Make a concurrent application

Changes to planning laws

On 31 July 2020, planning laws changed in the Northern Territory (NT). Read about these changes.

The NT Planning Scheme 2020 also came into force on 31 July 2020. It replaces the 2007 scheme. Read the current planning scheme.

You can make a concurrent application if you want to do the following at the same time:

  • request a planning scheme amendment (PSA)
  • apply for a development permit.

You don't have to do a concurrent application - you can apply for a PSA and then a development permit separately.

The table below provides an overview of the application process.

To apply, follow the step-by-step guide further below.

Benefits

The benefits of a concurrent application are having a single:

  • application and package of supporting information
  • exhibition period for the amendment and development parts of the application
  • submission or comment by community members and referral authorities
  • hearing for the application.

Risks

The risks of a concurrent application are if the:

  • development proposal is not approved by the consent authority - any rezoning approval will not come into effect
  • minister refuses the PSA request - the development permit will not be issued.

Summary

About the applicationWhat you need to know
How to applySubmit through the Development Applications Online (DAO) website
FeesLodgement fee: $3,423

Advertising fee: $696
Advertising

Usually 28 days advertising including notices through:

  • two newspaper adverts
  • planning notices online
  • yellow signs with a pink border placed on the land
Processing time

It can take approximately five months for a decision but can take much longer.

Decision maker for the PSAMinister for Infrastructure, Planning and Logistics
Decision maker for the developmentDevelopment Consent Authority (within DCA division areas)

Minister for Infrastructure, Planning and Logistics (outside DCA division areas)
Administrating branchLands Planning and Development Assessment Services

Before you apply

The concurrent application process is complicated.

You must meet with a planner to have a pre-application meeting.

Pre-application meeting

The pre-application meeting is a special requirement of the concurrent application process.

After the meeting, you will receive a signed record that you must include with your application.

Book a meeting

To book a free pre-application meeting, you must fill in the pre-application meeting request form.

You should submit as much detail as possible in the form, including:

  • any plans, maps or reports you have relating to the proposal including concepts
  • how many people will be attending the meeting.

You must book at least one week ahead of the appointment.

What to expect

Your meeting will be attended by all the following:

  • up to two planners
  • other technical or specialist advisers
  • other consultants you want to invite - eg your architect or planning consultant.

Planning advisers will advise you on:

  • whether your application is consistent with:
    • the current strategic framework for the area
    • planning rules that relate to the proposed use or development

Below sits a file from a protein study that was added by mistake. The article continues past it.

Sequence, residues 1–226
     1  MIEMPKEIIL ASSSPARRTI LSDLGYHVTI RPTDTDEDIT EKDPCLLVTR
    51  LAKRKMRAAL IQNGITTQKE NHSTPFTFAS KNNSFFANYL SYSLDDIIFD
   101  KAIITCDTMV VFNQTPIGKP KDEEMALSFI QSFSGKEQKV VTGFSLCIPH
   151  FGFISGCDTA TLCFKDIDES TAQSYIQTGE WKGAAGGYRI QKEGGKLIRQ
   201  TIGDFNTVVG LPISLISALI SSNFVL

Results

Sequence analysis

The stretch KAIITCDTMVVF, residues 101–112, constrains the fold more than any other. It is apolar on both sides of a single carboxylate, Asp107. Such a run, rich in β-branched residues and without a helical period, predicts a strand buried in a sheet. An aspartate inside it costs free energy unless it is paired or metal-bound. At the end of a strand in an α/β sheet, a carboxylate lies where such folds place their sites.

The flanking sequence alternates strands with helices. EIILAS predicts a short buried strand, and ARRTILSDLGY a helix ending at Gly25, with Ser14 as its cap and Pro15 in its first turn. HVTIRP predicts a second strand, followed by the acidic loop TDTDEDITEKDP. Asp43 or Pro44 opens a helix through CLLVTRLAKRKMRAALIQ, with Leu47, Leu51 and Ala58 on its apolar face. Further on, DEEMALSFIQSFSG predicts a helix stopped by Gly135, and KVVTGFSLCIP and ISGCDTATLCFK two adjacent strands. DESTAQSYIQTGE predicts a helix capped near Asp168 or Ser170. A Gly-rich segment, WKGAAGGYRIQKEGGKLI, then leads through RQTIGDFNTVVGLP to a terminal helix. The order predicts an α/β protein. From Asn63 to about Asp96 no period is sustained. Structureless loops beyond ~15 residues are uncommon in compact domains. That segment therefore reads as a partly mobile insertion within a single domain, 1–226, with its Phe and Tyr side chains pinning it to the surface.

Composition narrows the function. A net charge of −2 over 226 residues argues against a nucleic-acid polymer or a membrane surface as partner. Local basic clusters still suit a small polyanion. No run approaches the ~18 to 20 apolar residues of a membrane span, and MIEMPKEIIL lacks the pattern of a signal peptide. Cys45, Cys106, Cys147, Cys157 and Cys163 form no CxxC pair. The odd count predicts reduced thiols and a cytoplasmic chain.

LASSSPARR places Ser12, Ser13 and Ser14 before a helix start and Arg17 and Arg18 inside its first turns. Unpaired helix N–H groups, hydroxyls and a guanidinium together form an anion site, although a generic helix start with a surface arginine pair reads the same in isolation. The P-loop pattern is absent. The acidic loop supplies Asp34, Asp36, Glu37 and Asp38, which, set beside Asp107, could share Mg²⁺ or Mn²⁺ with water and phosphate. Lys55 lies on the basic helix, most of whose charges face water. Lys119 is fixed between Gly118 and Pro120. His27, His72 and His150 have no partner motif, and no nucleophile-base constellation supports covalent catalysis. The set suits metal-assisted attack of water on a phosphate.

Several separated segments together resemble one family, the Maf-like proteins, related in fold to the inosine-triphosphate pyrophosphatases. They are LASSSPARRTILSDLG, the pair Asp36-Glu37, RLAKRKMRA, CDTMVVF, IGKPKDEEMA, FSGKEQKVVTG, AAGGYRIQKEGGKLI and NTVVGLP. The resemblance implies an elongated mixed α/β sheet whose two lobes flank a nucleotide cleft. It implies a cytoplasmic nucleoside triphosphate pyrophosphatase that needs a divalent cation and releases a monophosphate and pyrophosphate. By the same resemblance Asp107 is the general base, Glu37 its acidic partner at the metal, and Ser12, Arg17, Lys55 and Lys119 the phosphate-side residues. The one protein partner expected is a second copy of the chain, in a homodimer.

• help you understand what you need to include in your application.

Supporting information

You must provide the following when you apply for a concurrent application:

  • a copy of your pre-application meeting record
  • your contact details
  • owner’s authorisation - if you are not the sole property owner
  • an explanation of the proposed amendment and why you are requesting it
  • an assessment of the proposed development showing how it will comply with the amended planning scheme
  • an assessment of the proposal including:
    • its merits
    • if the land can support the proposal
    • how it will influence the amenity of the area
    • other matters under section 30C of the Planning Act
  • dimensioned plans for the development (which may vary based on the complexity and type). These may include:
    • site plan
    • floor layout plans
    • elevations and sections
  • an image that shows what the development will look like. For changes to use or minor developments, a site plan or elevation can be enough.

For more information about application requirements, read the concurrent application guide to attachments PDF (202.9 KB).

If you don't understand the requirements, you can contact a planner.

You may also consider getting a private planning consultant to apply on your behalf.

How to apply

You can submit a concurrent application through the DAO website.

Fees

You must pay the following fees for a concurrent application:

  • $3,423 lodgement fee - when the application is initially accepted
  • $696 advertising fee - if the minister proceeds with the application and places it on public exhibition
  • a development component fee - check the fees for a development permit application
    • the fee amount depends on the type of development and its estimated cost.

All fees are non-refundable, even if your application is unsuccessful.

How to pay

You can pay fees online if you apply through the DAO website.

This is the preferred lodgement and payment method.

Other ways to pay

You can pay in person by cash or card at your nearest planning office.

After you apply

Read below to find out what happens after you submit your application.

Timeframes

Timeframes for concurrent applications can take approximately five months.

However, this can be longer if:

  • more information is needed or
  • the application needs to be re-exhibited at any stage.

The minister will make an initial decision to either:

  • accept the application for exhibition
  • refuse to amend the planning scheme.

The minister may also request further information from you - you will need to provide this within a specified timeframe.

If the minister's initial decision was to continue to consider the application, they will place it on exhibition.

Concurrent applications are advertised for 28 days, including notices through:

  • two newspaper adverts
  • planning notices online
  • yellow signs with a pink border placed on the land.

What you need to do

The department will inform you of your advertising requirements and arrange: